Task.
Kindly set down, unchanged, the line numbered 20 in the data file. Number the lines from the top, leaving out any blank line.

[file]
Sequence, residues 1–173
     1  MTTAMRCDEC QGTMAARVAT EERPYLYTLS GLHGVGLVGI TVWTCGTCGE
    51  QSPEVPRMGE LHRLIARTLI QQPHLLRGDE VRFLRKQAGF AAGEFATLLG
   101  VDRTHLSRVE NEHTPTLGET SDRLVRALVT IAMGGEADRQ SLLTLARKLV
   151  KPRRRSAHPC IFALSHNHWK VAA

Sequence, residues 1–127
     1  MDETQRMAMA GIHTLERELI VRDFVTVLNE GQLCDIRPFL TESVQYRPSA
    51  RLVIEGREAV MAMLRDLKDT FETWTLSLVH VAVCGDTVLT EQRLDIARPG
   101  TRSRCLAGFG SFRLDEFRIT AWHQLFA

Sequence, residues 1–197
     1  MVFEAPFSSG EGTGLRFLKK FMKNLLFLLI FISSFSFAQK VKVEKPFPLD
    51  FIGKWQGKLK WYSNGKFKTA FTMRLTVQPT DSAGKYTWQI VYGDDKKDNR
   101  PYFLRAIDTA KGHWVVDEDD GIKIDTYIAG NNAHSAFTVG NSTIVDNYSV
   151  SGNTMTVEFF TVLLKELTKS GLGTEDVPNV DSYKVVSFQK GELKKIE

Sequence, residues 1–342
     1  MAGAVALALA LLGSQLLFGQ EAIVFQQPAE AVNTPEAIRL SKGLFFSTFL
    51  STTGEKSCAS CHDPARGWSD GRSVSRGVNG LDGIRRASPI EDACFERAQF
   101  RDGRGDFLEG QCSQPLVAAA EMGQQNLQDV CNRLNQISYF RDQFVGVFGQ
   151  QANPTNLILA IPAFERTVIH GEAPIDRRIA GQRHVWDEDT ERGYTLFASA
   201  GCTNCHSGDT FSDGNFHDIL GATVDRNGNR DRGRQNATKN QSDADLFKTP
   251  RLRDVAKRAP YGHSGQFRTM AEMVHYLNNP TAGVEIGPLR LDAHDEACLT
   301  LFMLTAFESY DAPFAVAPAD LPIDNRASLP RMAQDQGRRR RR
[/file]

   201  GCTNCHSGDT FSDGNFHDIL GATVDRNGNR DRGRQNATKN QSDADLFKTP